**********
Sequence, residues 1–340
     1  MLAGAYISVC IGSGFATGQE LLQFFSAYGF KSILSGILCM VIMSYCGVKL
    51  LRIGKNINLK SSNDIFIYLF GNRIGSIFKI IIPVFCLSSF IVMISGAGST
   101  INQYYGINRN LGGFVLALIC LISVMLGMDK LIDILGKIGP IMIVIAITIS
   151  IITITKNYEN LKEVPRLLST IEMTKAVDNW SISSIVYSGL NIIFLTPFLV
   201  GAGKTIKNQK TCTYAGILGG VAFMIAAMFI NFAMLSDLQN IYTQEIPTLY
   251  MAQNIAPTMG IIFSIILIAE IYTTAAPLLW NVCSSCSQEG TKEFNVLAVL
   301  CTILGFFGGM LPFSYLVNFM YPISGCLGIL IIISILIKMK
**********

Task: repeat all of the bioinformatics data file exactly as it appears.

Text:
Sequence, residues 1–340
     1  MLAGAYISVC IGSGFATGQE LLQFFSAYGF KSILSGILCM VIMSYCGVKL
    51  LRIGKNINLK SSNDIFIYLF GNRIGSIFKI IIPVFCLSSF IVMISGAGST
   101  INQYYGINRN LGGFVLALIC LISVMLGMDK LIDILGKIGP IMIVIAITIS
   151  IITITKNYEN LKEVPRLLST IEMTKAVDNW SISSIVYSGL NIIFLTPFLV
   201  GAGKTIKNQK TCTYAGILGG VAFMIAAMFI NFAMLSDLQN IYTQEIPTLY
   251  MAQNIAPTMG IIFSIILIAE IYTTAAPLLW NVCSSCSQEG TKEFNVLAVL
   301  CTILGFFGGM LPFSYLVNFM YPISGCLGIL IIISILIKMK